Effects of the PPAR-beta agonist GW501516 in an in vitro model of brain inflammation and antibody-induced demyelination

Antoinette Defaux, Marie-Gabrielle Zurich, Olivier Braissant, Paul Honegger, Florianne Monnet-Tschudi
Journal of Neuroinflammation 2009 May 7, 6: 15

BACKGROUND: Brain inflammation plays a central role in numerous brain pathologies, including multiple sclerosis (MS). Microglial cells and astrocytes are the effector cells of neuroinflammation. They can be activated also by agents such as interferon-gamma (IFN-gamma) and lipopolysaccharide (LPS). Peroxisome proliferator-associated receptor (PPAR) pathways are involved in the control of the inflammatory processes, and PPAR-beta seems to play an important role in the regulation of central inflammation. In addition, PPAR-beta agonists were shown to have trophic effects on oligodendrocytes in vitro, and to confer partial protection in experimental autoimmune encephalomyelitis (EAE), an animal model of MS. In the present work, a three-dimensional brain cell culture system was used as in vitro model to study antibody-induced demyelination and inflammatory responses. GW 501516, a specific PPAR-beta agonist, was examined for its capacity to protect from antibody-mediated demyelination and to prevent inflammatory responses induced by IFN-gamma and LPS.

METHODS: Aggregating brain cells cultures were prepared from embryonal rat brain, and used to study the inflammatory responses triggered by IFN-gamma and LPS and by antibody-mediated demyelination induced by antibodies directed against myelin-oligodendrocyte glycoprotein (MOG). The effects of GW 501516 on cellular responses were characterized by the quantification of the mRNA expression of tumor necrosis factor-alpha (TNF-alpha), interleukin-6 (IL-6), inducible NO synthase (i-NOS), PPAR-beta, PPAR-gamma, glial fibrillary acidic protein (GFAP), myelin basic protein (MBP), and high molecular weight neurofilament protein (NF-H). GFAP expression was also examined by immunocytochemistry, and microglial cells were visualized by isolectin B4 (IB4) and ED1 labeling.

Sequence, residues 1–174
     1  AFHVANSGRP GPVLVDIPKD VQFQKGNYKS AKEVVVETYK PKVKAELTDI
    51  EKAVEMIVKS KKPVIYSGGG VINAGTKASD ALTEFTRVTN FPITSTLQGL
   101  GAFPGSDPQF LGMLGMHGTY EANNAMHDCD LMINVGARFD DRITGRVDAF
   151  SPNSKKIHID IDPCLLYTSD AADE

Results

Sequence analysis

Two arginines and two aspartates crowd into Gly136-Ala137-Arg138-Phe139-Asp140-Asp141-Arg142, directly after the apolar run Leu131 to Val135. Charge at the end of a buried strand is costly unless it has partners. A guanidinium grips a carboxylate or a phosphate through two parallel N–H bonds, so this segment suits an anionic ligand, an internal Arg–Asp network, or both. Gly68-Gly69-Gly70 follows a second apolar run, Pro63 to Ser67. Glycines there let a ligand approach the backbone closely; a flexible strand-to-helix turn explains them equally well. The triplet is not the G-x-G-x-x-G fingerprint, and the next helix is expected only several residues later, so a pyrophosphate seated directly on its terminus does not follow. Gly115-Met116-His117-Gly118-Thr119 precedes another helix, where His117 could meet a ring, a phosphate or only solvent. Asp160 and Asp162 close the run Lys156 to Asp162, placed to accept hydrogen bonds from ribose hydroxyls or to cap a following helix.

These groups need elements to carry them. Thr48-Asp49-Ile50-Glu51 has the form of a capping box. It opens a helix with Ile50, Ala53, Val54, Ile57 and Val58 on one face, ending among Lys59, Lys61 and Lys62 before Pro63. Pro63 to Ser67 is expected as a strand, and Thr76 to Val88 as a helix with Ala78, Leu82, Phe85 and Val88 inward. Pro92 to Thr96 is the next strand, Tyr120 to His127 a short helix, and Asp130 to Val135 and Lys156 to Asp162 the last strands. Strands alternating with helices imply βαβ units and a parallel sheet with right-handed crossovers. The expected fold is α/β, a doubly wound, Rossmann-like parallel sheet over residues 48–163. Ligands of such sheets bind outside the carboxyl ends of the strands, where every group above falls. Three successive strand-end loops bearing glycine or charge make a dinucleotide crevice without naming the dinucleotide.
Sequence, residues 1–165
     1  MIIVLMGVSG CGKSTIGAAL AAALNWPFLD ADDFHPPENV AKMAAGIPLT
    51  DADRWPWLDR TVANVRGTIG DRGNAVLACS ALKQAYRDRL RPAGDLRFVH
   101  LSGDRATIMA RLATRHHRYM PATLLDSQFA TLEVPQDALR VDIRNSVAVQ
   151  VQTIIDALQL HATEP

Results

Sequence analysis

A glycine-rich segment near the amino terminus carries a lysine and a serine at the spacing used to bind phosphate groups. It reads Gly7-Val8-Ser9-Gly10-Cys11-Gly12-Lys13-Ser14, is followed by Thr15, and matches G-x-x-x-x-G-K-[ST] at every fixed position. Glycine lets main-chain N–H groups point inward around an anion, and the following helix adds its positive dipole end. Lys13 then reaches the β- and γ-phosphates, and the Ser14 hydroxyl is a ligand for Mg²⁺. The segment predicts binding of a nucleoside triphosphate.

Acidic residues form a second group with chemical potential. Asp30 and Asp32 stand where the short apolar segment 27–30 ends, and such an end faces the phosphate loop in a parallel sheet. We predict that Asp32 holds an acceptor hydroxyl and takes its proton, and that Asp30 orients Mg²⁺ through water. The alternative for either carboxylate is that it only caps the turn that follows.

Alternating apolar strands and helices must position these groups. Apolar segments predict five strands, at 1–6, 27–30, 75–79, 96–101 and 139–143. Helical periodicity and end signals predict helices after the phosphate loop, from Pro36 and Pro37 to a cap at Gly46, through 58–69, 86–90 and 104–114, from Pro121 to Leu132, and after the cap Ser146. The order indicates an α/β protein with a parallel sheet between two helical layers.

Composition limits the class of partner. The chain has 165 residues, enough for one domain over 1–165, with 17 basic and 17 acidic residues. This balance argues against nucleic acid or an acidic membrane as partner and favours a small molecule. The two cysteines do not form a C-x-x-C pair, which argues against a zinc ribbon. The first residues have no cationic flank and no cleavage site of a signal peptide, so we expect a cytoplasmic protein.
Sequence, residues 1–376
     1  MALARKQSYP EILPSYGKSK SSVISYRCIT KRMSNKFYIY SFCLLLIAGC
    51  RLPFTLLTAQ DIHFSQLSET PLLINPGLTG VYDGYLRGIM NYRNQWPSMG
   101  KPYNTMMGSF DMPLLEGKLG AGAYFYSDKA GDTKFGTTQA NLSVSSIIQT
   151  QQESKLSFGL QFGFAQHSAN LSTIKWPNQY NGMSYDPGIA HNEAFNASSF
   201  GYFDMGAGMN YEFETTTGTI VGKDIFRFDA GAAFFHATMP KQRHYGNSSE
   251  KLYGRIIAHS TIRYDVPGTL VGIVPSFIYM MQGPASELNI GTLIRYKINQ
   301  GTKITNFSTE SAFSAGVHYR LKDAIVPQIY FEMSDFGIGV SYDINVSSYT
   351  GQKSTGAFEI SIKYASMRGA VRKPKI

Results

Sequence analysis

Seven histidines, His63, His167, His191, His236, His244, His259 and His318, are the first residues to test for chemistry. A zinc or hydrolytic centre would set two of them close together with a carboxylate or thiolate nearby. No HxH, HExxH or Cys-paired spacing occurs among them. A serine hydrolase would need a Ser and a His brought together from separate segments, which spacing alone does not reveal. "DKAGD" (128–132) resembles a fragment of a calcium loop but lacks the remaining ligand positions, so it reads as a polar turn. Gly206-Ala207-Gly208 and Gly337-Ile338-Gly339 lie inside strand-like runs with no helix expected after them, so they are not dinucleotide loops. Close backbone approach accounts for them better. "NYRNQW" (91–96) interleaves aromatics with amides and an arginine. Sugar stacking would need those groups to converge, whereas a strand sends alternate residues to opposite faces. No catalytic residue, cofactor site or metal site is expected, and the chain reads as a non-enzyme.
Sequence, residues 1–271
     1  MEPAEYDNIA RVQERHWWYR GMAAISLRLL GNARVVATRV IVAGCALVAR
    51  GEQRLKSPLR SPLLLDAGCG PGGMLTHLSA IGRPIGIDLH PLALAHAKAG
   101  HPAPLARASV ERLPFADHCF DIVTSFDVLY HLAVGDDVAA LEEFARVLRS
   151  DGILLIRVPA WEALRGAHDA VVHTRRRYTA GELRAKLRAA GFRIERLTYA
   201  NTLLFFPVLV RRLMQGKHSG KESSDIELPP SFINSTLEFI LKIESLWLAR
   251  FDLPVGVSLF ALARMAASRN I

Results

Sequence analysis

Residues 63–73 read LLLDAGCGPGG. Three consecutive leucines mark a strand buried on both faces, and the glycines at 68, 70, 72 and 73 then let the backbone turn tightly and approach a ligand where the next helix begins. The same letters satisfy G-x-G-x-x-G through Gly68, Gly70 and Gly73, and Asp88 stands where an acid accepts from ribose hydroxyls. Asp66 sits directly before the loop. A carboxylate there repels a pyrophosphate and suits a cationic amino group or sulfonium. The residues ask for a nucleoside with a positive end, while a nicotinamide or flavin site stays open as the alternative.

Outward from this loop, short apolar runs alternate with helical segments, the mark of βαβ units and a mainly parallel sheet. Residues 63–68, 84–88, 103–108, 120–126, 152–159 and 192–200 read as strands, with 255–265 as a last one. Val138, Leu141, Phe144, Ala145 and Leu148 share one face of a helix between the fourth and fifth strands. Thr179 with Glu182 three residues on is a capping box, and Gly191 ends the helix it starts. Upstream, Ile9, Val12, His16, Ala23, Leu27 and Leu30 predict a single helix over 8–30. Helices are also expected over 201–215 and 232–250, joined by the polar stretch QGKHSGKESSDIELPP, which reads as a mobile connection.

RESULTS: GW 501516 decreased the IFN-gamma-induced up-regulation of TNF-alpha and iNOS in accord with the proposed anti-inflammatory effects of this PPAR-beta agonist. However, it increased IL-6 m-RNA expression. In demyelinating cultures, reactivity of both microglial cells and astrocytes was observed, while the expression of the inflammatory cytokines and iNOS remained unaffected. Furthermore, GW 501516 did not protect against the demyelination-induced changes in gene expression.

CONCLUSION: Although GW 501516 showed anti-inflammatory activity, it did not protect against antibody-mediated demyelination. This suggests that the protective effects of PPAR-beta agonists observed in vivo can be attributed to their anti-inflammatory properties rather than to a direct protective or trophic effect on oligodendrocytes.

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